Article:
October 5, 2011 By Wallin & Klarich

If you find something of value under circumstances in which it would have been relatively easy for you to find its true owner (or at least make an honest attempt to find the true owner), keeping it or using it for personal gain without doing so can result in a theft charge.

Finding something (such as an engagement ring) in a grocery store, for example, would be a situation in which it would have been relatively easy to find the true owner or at least make an honest attempt because an announcement over the PA system by a store employee would have provided notice to the true owner to come forward.

Sometimes the lost property itself may contain the name and contact information of its true owner, such as a cell phone or a wallet with a driver’s license. The crime punishes those who simply do not even attempt to try and locate the true owner before taking the property for themselves.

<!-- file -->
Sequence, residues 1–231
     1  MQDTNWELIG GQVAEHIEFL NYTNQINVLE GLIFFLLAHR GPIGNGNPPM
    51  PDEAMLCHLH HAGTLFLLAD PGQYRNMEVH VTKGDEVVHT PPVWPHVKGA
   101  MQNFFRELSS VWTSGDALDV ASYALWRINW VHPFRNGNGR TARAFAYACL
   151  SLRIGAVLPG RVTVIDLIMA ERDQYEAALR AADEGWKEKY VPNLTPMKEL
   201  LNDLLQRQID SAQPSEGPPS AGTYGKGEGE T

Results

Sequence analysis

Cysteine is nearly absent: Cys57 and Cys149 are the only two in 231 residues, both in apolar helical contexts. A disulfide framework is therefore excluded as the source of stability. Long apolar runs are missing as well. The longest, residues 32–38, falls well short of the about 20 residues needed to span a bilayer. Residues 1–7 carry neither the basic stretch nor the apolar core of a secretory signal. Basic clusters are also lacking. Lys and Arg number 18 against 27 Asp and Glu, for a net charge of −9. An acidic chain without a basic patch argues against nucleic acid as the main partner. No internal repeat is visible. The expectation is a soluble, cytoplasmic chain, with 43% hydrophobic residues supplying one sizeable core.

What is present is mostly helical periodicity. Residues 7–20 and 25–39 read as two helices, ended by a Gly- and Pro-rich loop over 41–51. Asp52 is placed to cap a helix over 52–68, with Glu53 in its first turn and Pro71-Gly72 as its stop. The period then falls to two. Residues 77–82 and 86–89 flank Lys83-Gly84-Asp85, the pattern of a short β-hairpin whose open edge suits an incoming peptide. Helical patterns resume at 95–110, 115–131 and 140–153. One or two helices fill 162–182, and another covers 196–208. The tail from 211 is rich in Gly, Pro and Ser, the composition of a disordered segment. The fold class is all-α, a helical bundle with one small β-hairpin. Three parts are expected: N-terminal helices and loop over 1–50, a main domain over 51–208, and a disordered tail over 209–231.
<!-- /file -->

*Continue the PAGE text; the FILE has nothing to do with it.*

If you are accused of wrongfully appropriating lost property, you could face petty theft or grand theft charges. If the value of the property exceeds $950, you will likely face grand theft charges, which is more serious than a petty theft charge (which is incurred if the value of the property is $950 or less).

If you are facing theft allegations resulting from appropriating lost property, you will need to expertise of a skilled San Bernardino theft defense attorney. At Wallin & Klarich, our attorneys have been in practice for over 30 years and can help you achieve the best possible results. Call us today at 888-749-0034 or visit us online at www.wklaw.com. We will be there for you when you call.

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